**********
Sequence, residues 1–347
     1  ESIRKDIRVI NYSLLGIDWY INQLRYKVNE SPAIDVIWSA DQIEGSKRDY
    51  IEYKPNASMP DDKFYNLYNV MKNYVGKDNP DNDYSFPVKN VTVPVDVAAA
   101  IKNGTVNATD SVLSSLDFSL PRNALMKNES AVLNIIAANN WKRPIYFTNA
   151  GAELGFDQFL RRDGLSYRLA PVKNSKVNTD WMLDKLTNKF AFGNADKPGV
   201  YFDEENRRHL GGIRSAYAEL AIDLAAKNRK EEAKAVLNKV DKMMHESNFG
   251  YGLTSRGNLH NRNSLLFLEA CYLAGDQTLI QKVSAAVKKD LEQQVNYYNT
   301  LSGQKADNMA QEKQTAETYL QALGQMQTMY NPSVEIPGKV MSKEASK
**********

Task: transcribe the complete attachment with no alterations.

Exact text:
Sequence, residues 1–347
     1  ESIRKDIRVI NYSLLGIDWY INQLRYKVNE SPAIDVIWSA DQIEGSKRDY
    51  IEYKPNASMP DDKFYNLYNV MKNYVGKDNP DNDYSFPVKN VTVPVDVAAA
   101  IKNGTVNATD SVLSSLDFSL PRNALMKNES AVLNIIAANN WKRPIYFTNA
   151  GAELGFDQFL RRDGLSYRLA PVKNSKVNTD WMLDKLTNKF AFGNADKPGV
   201  YFDEENRRHL GGIRSAYAEL AIDLAAKNRK EEAKAVLNKV DKMMHESNFG
   251  YGLTSRGNLH NRNSLLFLEA CYLAGDQTLI QKVSAAVKKD LEQQVNYYNT
   301  LSGQKADNMA QEKQTAETYL QALGQMQTMY NPSVEIPGKV MSKEASK